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Don’t devote your stay in Las Vegas solely to gambling and night-time shows. There are plenty of daytime activities on offer. First of all, I invite you to take a look at the museums.

On our last trip, we visited the Titanic, Bodies, Madame Tussauds and Shark Reef museums…

On this occasion, a visit to the Atomic Museum was high on our list of priorities. Often recommended by locals and boasting excellent ratings on all the review sites, The National Atomic Testing Museum stands out as a must-visit in Las Vegas.

Do we share this sentiment? Find out all you need to know about this museum, our opinion after the visit and some photos taken on site.

What is the National Atomic Testing Museum?

Created in 2055, the National Atomic Museum in Las Vegas is dedicated to the atomic tests that took place in Nevada from 1951 onwards. It is one of 37 national museums in the United States affiliated with the Smithsonian Institution.

atomic museum products

Few people know it, but the USA has done a lot of atomic testing in Nevada. While Las Vegas businessmen feared that these tests would lead to the city’s desertification, the opposite was true. Many tourists came to watch the test explosions from afar.

However, as you’ll see during your visit to the museum, not all these tests have been positive…

This museum is first and foremost a tribute to the scientists and people who worked on these tests. But it’s also an educational museum that teaches you lots about atomic energy, and a historical museum with objects from the period.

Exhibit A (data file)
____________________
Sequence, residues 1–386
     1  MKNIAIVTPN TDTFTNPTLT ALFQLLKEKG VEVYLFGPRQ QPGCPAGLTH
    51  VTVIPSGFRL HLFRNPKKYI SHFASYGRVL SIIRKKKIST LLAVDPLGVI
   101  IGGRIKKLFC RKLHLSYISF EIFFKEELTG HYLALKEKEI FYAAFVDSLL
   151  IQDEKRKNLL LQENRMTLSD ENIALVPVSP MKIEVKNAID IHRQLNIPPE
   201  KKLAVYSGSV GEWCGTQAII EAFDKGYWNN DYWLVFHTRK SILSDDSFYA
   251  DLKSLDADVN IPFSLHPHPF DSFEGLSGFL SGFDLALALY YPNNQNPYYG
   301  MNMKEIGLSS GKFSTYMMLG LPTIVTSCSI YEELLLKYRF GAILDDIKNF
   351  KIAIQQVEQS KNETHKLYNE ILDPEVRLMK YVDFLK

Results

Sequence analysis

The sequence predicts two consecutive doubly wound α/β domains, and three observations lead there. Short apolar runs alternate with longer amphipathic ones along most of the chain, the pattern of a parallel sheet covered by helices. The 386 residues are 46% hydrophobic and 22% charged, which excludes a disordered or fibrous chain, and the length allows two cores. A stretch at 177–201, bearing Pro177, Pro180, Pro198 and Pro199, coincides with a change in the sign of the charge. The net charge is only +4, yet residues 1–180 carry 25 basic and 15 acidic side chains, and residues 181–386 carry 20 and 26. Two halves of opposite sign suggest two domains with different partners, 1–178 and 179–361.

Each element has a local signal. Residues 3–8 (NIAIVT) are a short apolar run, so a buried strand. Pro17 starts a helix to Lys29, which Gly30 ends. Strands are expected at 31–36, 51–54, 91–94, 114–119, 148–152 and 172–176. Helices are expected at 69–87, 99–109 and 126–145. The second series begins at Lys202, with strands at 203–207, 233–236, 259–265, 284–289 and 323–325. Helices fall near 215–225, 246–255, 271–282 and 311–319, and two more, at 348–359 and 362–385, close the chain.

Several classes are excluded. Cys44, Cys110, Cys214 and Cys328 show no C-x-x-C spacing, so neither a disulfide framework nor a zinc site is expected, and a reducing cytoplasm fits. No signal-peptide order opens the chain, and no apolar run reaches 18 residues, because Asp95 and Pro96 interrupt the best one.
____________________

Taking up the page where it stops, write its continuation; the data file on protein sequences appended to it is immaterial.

Where is the National Atomic Testing Museum in Las Vegas?

The National Atomic Testing Museum is located at 755 E Flamingo Road in Las Vegas. This road runs perpendicular to the Strip.

At the Flamingo casino (opposite Casears Palace and past Paris), turn east onto Flamingo Road. Then go straight on for 1.5 miles (2.4 km). The route is therefore easy to remember!

What are the opening hours of the National Atomic Testing Museum?

The National Atomic Testing Museum is open daily from 9 a.m. to 5 p.m.

How much does it cost to visit the National Atomic Testing Museum?

For a museum in Las Vegas, prices remain attractive.

They currently stand at :

  • $24 for adults
  • $20 for seniors (62 and over)
  • 18 for children (ages 7 to 14)
  • Free for children aged 6 and under.

What do you see when you visit the National Atomic Testing Museum?

When you enter the museum, go to the right to pick up your tickets at the ticket office. Being French, the person at reception gave us an information sheet written in French.

You start with a first large room where you find various information on the beginnings of nuclear power with a few artifacts, lots of information panels (I’ve read almost everything and it’s taking a long time), photos of the scientists working on the project…

At the far end of the room is a large screen showing a continuous presentation film.

screen atomic museum
The first room shows a continuous presentation film.

Once you’ve visited this room, you can exit and go to the other side, where you’ll find the museum’s “tour.” This takes you through the ages, with important sections on :

  • The first atomic tests
  • Life in Las Vegas while the nearby desert was used as a testing ground
  • Derivative products sold to celebrate his trials
  • The story and consequences of nuclear weapons used in Japan
  • The Cold War arms race
  • De-escalation at the end of this period and management of current waste…

The list is not exhaustive, but as you can see, several decades and major events in world history are covered.

You’ll still find information panels and artifacts, but not exclusively.